November 15 2013 01:26PM
"Would you fire me? I'd fire me."
Here's our LGD for a game on February 21st, 2013. Why link to a preview of a random game from a shortened season? Because that game happened to be the Sabres' first game with a new coach since 1997. Lindy Ruff was in Buffalo for 14-and-a-half seasons. His successor, Ron Rolston, lasted 51 games. Rolston accumulated a 19-26-6 record, a 71-point pace over 82 games.
So Ted Nolan is back in Buffalo. He won the Jack Adams Award in 1997 coaching the Sabres, before leaving that offseason thanks to a contract dispute. Other than a brief stint with the New York Islanders for two seasons, Nolan hasn't been in the NHL. In his four NHL seasons as a coach, Nolan has won 54.1% of games where Dominik Hasek was his goaltender, and 47.7% of the other ones. Unfortunately for him, Dominik Hasek is not his starting goaltender again in Buffalo, which is too bad.
The Sabres do have an excellent goaltender in Ryan Miller however, and he'll look to keep up his early season hot streak against Toronto. For the second time in under a year, the first game by a new Sabres coach is going to come against the Maple Leafs.
November 14 2013 12:14AM
Nazem Kadri received a match penalty against the Minnesota Wild for an illegal check to the head of Mikael Granlund. If you check the video, you can see that the official on the broadcast right, the veteran Dan O'Halloran, was the one that made the call, and not Trent Knorr, who had been working in his first NHL game.
Anyway, that's elementary. A match penalty means that Kadri is suspended until the league reviews the play, but I have to imagine it gets rescinded. A similar thing happened with Anton Belov, who levelled Claude Giroux on Saturday, but on further review, it was just a strong shoulder-on-shoulder hit that looked a little more violent than it was. I'm not too worried with the hit on Granlund.
But that's not the only play Nazem the Dream has to worry about from Wednesday's game. Kadri also levelled Nik Backstrom in the first period, and the image is forever immortalized as the header of this post.
November 13 2013 09:08PM
Yep. One of those nights.
The Maple Leafs couldn't make it a third shootout victory on the season, but did pick up a point against a tough Minnesota Wild team on the road, giving them three of a possible four against a team that could be a contender in the Western Conference this season.
Perhaps if you've been watching Magnus Carlsen against Viswanathan Anand's chess series this month, this game between the Leafs and the Wild would be more at your pace. To those of us used to the fast-paced, chaotic style of game the Leafs have been running this season, this game could have been seen as a disappointment aesthetically.
But if you're a Leafs fan, it's effectively a tie game against a good team on the road. What happens next?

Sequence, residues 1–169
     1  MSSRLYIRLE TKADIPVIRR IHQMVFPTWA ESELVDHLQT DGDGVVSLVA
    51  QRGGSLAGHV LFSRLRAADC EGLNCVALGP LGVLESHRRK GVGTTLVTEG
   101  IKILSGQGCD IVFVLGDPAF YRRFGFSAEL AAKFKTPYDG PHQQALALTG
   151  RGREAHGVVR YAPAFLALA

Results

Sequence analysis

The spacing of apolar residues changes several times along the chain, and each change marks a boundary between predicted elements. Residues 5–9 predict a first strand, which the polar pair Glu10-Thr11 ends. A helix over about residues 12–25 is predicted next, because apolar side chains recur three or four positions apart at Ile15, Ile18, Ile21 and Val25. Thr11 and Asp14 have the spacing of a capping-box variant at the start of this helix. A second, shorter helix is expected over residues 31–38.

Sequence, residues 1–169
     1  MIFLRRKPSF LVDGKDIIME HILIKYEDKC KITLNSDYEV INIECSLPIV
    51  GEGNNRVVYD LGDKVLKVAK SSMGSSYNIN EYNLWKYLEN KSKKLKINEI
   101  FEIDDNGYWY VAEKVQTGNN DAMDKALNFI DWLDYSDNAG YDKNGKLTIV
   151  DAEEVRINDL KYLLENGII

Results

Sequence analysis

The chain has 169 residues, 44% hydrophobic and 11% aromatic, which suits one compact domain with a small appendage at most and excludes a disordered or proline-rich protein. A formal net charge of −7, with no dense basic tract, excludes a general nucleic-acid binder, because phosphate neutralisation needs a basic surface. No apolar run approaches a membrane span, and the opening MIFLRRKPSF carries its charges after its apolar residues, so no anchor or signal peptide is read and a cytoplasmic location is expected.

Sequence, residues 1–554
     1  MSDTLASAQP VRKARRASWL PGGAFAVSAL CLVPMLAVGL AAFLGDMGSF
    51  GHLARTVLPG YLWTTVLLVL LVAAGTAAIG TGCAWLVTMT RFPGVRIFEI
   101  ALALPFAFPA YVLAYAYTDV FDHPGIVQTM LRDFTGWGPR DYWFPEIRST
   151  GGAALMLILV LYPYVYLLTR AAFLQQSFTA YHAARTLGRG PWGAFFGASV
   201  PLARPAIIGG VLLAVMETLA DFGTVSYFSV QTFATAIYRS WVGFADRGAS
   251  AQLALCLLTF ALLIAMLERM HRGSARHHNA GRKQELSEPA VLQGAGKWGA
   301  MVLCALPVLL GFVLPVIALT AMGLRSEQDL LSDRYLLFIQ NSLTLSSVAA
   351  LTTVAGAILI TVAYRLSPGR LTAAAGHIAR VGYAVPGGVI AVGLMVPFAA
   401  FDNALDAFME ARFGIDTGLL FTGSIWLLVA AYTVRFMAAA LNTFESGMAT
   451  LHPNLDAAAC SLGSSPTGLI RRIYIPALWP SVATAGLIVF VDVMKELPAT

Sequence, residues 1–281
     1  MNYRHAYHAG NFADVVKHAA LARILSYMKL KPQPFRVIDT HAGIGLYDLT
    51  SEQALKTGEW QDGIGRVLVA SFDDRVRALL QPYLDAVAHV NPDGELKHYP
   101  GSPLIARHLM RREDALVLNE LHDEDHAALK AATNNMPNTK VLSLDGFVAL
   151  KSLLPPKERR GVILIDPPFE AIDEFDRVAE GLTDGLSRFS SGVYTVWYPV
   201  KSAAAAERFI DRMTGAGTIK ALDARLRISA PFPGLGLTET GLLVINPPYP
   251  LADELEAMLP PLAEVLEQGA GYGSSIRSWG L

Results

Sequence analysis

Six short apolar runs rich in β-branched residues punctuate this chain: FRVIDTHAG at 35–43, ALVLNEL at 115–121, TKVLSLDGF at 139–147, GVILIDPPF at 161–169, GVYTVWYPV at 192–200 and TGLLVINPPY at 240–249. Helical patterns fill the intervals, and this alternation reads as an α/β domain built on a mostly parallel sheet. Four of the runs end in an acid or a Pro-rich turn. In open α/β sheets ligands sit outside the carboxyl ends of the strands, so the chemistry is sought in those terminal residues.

November 13 2013 12:41PM
When we last ran into the Minnesota Wild, they were on their first win streak of the season. They then lost to the Leafs, despite out-shooting Toronto 37-14, and then lost to Tampa Bay and Florida. Since then, the team has mostly been winning, scraping together a 10-4-4 record since the 3-3-3 start.
Almost every addition the team has made over the last year-and-a-half up front has been to improve the team's skill: Jason Pominville, Zach Parise, Nino Niederreiter and Charlie Coyle. Given how poor of a puck-possession team the Wild were between the dawn of their franchise and as recent as last season, they've sort of become a poster child for shifting institutional philosophy. Despite retaining the coach and the general manager Mike Yeo and Chuck Fletcher, the team has worked to change the stylistic make-up of their team.
I feel the Leafs have the skill to be a team like the Wild, they just need the philosophy. As you'll see below, the Wild are not a team that the (somewhat) struggling Leafs want to run into tonight.
November 12 2013 11:35AM
Nonis also looks back on a time when the Leafs had a better Corsi rating than they do today – and were losing a lot more games. Back in 2009-10, Toronto generated a lot of shots on net but was let down by its own goaltenders.
That period seemed to create skepticism for the Leafs GM about stats that he believes have grown so much in popularity because of fans and media.
“We were outshooting teams on a nightly basis and losing every night,” Nonis recalled. “Our so-called Corsi stat was probably pretty good and right now our Corsi stat sucks. But we’re winning hockey games.”
Credit to Nonis for actually getting at the crux of the issue here. While I'd rather spend my days researching hockey statistics than defending the validity of statistics, ultimately widespread acceptance of the numbers that myself and many others use is going to come down to how well we predict things.